The True Story Behind the Rise of the "Talkies" in Downton Abbey: A New Era

·5 min read
Photo credit: ullstein bild Dtl. - Getty Images
Photo credit: ullstein bild Dtl. - Getty Images


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Minor spoilers ahead for Downton Abbey: A New Era.

One plot in the second Downton Abbey movie centers on director Jack Barber (Hugh Dancy), who is filming his latest project at Downton under the watchful eye of Lady Mary (Michelle Dockery). After they start production, Barber hears from his studio that his movie is being shut down because silent films are no longer selling tickets like "talkies" (movies where there is recorded dialogue). Soon, the cast and crew pivots to making a film with dubbed conversation.

Downton Abbey creator Julian Fellowes was extremely interested in this moment in time. "By the end of the '20s, the old way, the 19th century, was really in retreat," he tells Town & Country. "Film was the art form invented by the 20th century." Therefore, having a movie film at Downton was a way for modern times to "invade Downton," Fellowes said.

Photo credit: Movie Poster Image Art - Getty Images
Photo credit: Movie Poster Image Art - Getty Images

Fellowes took inspiration from the production of Alfred Hitchock's Blackmail, the first British sound feature, or "talkie." The movie, like Barber's fictional one in Downton: Abbey: A New Era, began as a silent film. However, after production got underway, Hitchcock was asked to film parts in sound.

"After a good deal of hesitation, the producers decided [the film] would be silent except for the last reel," Hitchock said in an interview with François Truffant, found in Hitchcock/Truffaut. "But since I suspected the producers might change their minds and eventually want an all-sound picture, I worked it out that way. We utilized the techniques of talkies, but without sound. Then, when the picture was completed, I raised objections to the part-sound version, and they gave me carte blanche to shoot some of the scenes over."

The studio would go on release two versions of Blackmail: one silent and one with dubbed dialogue.

The switch was not smooth. Blackmail lead actress Anny Ondra was a raised in Prague and reportedly had a very thick accent—so she had to mime her dialogue, and British actress Joan Barry stood off-camera, speaking her lines. This is essentially what happens in Downton Abbey: A New Era: silent film star Myrna's (Laura Haddock) accent is deemed unsuitable, so Lady Mary steps in.

Watch Blackmail on Prime Video

Photo credit: Donaldson Collection - Getty Images
Photo credit: Donaldson Collection - Getty Images

Blackmail's transition from silent film to talkie captures the rise of talkies at the end of the 1920s. The 1927 release of The Jazz Singer, a musical film, marked the first feature-length film with synchronized dialogue. (Though other films had utilized synchronized sound before.) Music critic Deems Taylor wrote in 1943's A Pictoral History of the Movies that The Jazz Singer "turned the film industry topsy-turvy and consigned the silent picture to the scrap heap."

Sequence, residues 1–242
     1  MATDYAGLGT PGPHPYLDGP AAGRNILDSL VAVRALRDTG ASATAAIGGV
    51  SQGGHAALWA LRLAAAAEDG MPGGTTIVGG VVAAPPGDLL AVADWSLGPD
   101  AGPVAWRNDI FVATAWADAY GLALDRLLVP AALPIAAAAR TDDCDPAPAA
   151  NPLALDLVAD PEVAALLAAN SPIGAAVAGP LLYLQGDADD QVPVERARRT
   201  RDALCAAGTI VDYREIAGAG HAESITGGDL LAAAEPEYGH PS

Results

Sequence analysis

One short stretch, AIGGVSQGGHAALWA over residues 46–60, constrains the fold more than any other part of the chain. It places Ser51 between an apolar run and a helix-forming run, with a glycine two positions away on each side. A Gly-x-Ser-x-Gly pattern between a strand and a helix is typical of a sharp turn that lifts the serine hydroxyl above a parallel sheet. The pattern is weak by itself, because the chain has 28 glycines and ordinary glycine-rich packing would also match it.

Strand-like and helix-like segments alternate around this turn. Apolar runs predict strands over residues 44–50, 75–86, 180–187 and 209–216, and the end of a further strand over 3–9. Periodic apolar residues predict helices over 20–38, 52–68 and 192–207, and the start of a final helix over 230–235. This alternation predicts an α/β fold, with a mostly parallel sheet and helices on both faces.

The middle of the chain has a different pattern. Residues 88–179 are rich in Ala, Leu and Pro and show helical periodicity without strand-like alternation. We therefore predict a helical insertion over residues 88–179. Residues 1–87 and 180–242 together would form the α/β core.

Yet, the industry evolution didn't happen overnight. "There is no unanticipated landmark event or watershed film which separates the golden age of silents from the modern age of the talkies," writes film scholar Donald Crafton in The Talkies: American Cinema’s Transition to Sound 1926-1931. "The transition was years in the making and in the finishing."

Crafton points to the economic pressure of the Depression as one major reason Hollywood turned to talkies. "After 1930," he writes, "consumers could or would not spend their dwindling resources on the movies the way they did in the twenties. Though the pressure of standardization was always present in Hollywood, it was hard times—that is, lost admission revenue—that definitively forced the industry to limit its diverse, hedging approach to technology."

The Depression convinced studios that films needed to have mass appeal—and that meant sound. Essentially, Crafton argues in The Talkies, in the late 1920s, studios initially tried to hedge by continuing with silent production but creating "part" talkies (like was suggested for Blackmail), or even two versions of the same film, but by the early 1930s, they had to commit to one method.

Photo credit: Ben Blackall
Photo credit: Ben Blackall

Another thing Downton Abbey: A New Era gets right about this transitional time was the stress and pressure silent actors felt.

In a 1977 New York Times article marking the fiftieth anniversary of the transition to talkies, journalist Guy Flatley interviewed numerous silent film stars about the time. "We were taken to the sound studio at Paramount to find out who had a voice and who didn't. Each day, they'd bring in a famous star, and he'd be in there as long as three hours," Buddy Rogers recalls. He ended up being voice-tested in a movie called Varsity, and it "worked out fine."

Photo credit: George Hurrell - Getty Images
Photo credit: George Hurrell - Getty Images

Actress Myrna Loy told Flatley, "It was a dreadful time, believe me. If anyone says it wasn't, he just wasn't there. There was panic everywhere, and a lot of people said, ‘This is ridiculous! Who wants to hear people talk?’" Yet, Loy, like Rogers, made a career in talkies.

Not everyone was so lucky; for example, Raymond Griffith, a silent film star, had lost his voice when he was young and spoke in a hoarse whisper. As Devin Faraci writes in "Talkie Terror," "In the silents his ragged voice was hidden, but that microphone demanded more than Griffiths could give."

In Downton Abbey: A New Era, both silent film stars Guy (Dominic West) and Myrna find a way forward in the changing landscape of the film industry: Guy's voice is deemed acceptable, and Myrna learns an American accent to try to make it in Hollywood. A happily ever after for both of them.

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